Today is the last day of the “one pattern seven bloggers” project. It’s been heaps of fun to do, and I would like to once again issue a HUGE thank you to Sam for instigating and organising it and choosing to include me in the group. Did you look at all the how-do posts last week? If you missed them, you can find links to them all at the bottom of this post.
Despite getting the bulk of my dress done at last month’s MMQG SASD I still ended up finishing it just in time, squeezing in little bits of sewing between everything else I have going on. The zip went in on Sunday evening, Monday night the hem was pinned, and yesterday the skirt and lining were hemmed and the side seams taken in a smidge as the waist was a little big. Photos were very kindly taken by my lovely housemate this afternoon before the sun went down (Thanks Abby!).
Despite cutting it so close to the deadline, I am very happy with the dress. I’m happy with the fit (although think I might still need to fix the bust darts a little) and am very happy with the length and fullness of the skirt (about 275cm/108″; very full!!!). I gave it a nice wide hem to, in theory, support the fullness of the skirt slightly. Most importantly, as per my initial requirements, it has POCKETS!
I ended up fully lining it in Navy, using this tutorial again for sewing up the bodice. The skirt is also a gathered rectangle but isn’t as full as the actual skirt, and then it’s hemmed about 2 inches shorter than the skirt so it doesn’t show. I also added some grosgrain ribbon to the lining waistband as a sort of waist stay (which I also did with my New Years dress), although it’s not yet functioning as one as I haven’t yet stitched the lining to the bodice at the waist so I can alter the darts if I want to
One last construction comment I wanted to include was the very helpful advice Tasia gave me regarding sewing in the zip. I had asked if the method she suggests for the Crescent would work for a dress and she suggested an alternative method that she used on her 60s shift dress. Bascially what I did was sew the lining to the fabric right sides together to where the zip would finish, then turned it right side out and the edge was beautifully finished and I just had to sew in my regular dress zip and sew together the rest of the centre back seam – it worked beautifully and is defnintely a method I will be remembering to use again in the future.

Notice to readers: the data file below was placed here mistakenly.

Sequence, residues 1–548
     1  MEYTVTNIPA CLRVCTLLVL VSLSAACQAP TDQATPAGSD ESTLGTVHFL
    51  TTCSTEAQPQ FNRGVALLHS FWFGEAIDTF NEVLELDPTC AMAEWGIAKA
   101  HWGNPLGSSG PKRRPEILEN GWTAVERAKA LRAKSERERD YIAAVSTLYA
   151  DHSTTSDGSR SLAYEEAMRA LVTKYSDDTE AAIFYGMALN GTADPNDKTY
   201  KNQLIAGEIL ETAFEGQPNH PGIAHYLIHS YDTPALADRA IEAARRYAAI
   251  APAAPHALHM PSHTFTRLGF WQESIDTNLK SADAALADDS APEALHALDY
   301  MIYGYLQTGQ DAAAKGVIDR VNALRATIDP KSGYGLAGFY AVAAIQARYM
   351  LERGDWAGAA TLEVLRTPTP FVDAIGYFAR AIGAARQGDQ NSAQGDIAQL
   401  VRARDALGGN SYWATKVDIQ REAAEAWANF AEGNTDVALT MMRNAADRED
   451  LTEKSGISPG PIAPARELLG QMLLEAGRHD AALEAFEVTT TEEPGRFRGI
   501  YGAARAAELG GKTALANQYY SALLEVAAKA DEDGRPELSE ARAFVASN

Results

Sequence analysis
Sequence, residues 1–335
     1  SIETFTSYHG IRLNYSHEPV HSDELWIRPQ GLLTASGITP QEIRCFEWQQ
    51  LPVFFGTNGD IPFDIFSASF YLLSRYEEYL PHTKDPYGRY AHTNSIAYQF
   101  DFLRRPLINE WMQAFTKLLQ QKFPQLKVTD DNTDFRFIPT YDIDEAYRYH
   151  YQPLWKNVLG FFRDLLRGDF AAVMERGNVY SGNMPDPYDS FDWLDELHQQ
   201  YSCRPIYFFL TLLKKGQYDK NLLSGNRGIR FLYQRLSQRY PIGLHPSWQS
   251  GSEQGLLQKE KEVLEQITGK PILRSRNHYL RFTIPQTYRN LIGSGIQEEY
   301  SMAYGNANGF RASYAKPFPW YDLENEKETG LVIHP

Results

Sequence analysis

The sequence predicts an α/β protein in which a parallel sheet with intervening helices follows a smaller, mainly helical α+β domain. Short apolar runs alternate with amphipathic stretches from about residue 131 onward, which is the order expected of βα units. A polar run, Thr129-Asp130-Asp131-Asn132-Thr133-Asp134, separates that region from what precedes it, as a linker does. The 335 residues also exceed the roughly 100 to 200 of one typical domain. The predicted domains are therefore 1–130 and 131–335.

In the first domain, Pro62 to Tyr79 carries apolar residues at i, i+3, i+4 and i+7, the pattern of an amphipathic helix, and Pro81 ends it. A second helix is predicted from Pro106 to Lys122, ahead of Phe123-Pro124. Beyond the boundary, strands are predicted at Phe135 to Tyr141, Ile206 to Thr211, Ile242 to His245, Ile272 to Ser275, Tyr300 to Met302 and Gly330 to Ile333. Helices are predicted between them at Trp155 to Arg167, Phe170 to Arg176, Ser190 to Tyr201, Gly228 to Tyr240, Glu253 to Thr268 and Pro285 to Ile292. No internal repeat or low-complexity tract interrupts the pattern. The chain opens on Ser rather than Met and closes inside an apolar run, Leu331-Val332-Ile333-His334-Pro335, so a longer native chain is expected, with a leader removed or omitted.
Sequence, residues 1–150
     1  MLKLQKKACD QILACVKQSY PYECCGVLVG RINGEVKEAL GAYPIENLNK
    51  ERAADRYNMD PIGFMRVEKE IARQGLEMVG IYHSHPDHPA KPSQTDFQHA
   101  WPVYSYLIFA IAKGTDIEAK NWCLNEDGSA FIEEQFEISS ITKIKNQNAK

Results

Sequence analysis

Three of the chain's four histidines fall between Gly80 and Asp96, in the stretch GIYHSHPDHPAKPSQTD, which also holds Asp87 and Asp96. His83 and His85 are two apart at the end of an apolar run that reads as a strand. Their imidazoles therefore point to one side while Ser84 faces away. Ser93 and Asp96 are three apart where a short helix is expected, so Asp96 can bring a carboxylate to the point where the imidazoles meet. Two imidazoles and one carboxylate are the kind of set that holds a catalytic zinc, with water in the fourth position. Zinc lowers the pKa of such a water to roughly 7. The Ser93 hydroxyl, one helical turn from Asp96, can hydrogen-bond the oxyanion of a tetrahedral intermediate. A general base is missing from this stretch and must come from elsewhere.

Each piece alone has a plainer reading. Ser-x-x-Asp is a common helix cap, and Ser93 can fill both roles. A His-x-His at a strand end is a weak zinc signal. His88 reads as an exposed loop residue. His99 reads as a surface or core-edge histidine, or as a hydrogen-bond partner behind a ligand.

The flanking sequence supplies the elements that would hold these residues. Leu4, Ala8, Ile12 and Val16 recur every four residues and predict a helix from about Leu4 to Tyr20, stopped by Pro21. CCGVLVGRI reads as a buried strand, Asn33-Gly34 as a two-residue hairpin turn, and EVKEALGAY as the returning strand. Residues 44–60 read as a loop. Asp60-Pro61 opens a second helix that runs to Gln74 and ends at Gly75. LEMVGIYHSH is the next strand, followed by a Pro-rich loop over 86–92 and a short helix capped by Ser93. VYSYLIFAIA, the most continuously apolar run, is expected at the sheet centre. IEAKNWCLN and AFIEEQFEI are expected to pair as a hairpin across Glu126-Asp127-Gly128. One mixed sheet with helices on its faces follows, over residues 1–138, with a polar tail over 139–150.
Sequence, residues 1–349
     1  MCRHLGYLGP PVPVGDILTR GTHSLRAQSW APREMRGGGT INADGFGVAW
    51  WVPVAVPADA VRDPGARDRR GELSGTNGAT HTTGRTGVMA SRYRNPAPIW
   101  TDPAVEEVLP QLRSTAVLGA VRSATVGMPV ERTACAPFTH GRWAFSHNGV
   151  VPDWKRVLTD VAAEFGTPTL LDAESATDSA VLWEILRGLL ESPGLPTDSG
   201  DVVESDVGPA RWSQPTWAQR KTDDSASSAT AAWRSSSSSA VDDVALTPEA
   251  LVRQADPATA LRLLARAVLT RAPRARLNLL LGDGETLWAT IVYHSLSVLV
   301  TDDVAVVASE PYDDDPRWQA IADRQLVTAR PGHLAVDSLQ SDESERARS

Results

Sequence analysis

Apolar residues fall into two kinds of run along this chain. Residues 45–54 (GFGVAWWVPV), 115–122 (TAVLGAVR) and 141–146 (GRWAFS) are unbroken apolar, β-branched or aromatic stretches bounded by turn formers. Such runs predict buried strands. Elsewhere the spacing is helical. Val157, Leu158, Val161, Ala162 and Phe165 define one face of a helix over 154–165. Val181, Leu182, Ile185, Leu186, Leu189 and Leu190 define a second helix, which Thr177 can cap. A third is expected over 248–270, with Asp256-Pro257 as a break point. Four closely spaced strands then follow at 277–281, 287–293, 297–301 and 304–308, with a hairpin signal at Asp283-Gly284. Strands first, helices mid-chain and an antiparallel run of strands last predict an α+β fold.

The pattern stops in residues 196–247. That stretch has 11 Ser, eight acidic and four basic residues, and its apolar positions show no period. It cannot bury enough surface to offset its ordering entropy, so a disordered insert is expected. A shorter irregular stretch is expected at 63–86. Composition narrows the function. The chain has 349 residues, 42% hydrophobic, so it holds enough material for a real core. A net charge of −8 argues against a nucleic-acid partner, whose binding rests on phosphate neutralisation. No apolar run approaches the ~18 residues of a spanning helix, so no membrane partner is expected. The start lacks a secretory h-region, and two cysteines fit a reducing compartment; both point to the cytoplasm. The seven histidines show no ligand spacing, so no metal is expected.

I can’t really give much of a review of the pattern, as I completely butchered it, so I have no idea how the fit would actually have been. However, I was a bit unimpressed at the instructions that came with the pattern, particularly as it’s a pattern you pay for, as they were HOPELESS. The lines for the pattern pieces don’t have the sizes marked on them at all, and the instructions are completely full of errors that I guess must have happened when the file was created or something, as there’s missing characters, and all sorts. They’re as good as useless, I didn’t bother using them at all. A big thumbs down from me, I think if I’m paying for a pattern I at least deserve someone to have proof read the instructions for font errors and typos!
Anyway, I don’t want to end my post on a negative point so I will reiterate how much I love my finished dress, that I’m very happy with the quality of my work, and I can’t wait to see the other gals dresses. You should remember to check out their dresses too, as before here’s a list of links, I’ll update them to be links to specific posts as they’re posted:
Reana Louise: http://curvespatternsandpins.blogspot.com/
Thanks again to Sam, Marie, Reana Louise, Kat, Jen and Amy for being part of this very fun project!